This is a novel that’s doubly worth reading, both for its story line and for its context. The prose of Caistor’s translation is sleek, helping to propel the chaotic events of the novel forward. Mendoza writes with a mix of cynicism and insight that is both heart-breaking and, at moments, hilarious. ( )
  Sarah-Hope | Sep 6, 2015 |
I bought this novel as a bit of a stab in the dark - I found myself with nothing else to read on a rainy day in Sheffield (Yes! It does rain in Sheffield!), and this was the only book that appealed from the rather meagre selection at W H Smith's on the Station.

At first I thought I was encountering that occasional serendipity we all occasionally experience when we pick up a book by chance and it turns out to be excellent. The first hundred pages or so were enthralling (they even made me forget the rain), but then the book seemed to run out of steam, and stumble into a quagmire.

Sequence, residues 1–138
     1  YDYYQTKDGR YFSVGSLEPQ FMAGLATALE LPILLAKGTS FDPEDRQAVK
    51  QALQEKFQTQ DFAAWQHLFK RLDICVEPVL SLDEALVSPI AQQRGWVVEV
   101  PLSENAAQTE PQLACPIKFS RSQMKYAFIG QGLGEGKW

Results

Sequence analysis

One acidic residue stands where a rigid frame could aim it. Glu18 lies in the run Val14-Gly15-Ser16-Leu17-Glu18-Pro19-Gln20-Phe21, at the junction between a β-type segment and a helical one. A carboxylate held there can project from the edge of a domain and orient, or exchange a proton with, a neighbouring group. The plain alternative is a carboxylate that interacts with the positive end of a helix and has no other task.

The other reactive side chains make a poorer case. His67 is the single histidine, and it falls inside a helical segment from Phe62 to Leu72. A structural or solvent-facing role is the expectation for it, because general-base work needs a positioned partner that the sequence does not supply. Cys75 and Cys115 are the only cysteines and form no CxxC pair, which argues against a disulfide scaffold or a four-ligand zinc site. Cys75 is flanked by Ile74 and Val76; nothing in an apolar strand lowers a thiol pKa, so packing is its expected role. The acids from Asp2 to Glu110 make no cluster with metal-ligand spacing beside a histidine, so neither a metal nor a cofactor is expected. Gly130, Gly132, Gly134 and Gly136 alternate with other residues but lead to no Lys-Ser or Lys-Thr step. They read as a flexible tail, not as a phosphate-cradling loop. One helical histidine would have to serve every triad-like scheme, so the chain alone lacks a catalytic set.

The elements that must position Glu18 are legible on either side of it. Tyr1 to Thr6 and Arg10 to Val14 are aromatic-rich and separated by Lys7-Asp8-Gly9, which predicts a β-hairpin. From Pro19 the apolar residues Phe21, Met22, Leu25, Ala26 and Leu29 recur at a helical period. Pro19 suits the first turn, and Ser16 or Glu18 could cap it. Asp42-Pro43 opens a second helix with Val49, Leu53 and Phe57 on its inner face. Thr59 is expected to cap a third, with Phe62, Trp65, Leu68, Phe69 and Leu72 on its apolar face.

Basically Anthony Whitelands is a widely renowned art expert, with a particular expertise in the works of Velasquez and his contemporaries. He is asked to visit a noble house in Madrid to inspect a selection of paintings and offer a valuation. It transpires that the owner, a Spanish aristocrat, is considering how he might manage to send portable wealth abroad with a view to getting his family out of Spain before the impending Civil War breaks out. Whitelands is not impressed with the three paintings that he is shown. Disappointed, the aristocrat shows him another work, which Whitelands is convinced is a Velasquez, though one for which there has been no mention in any of the historic records.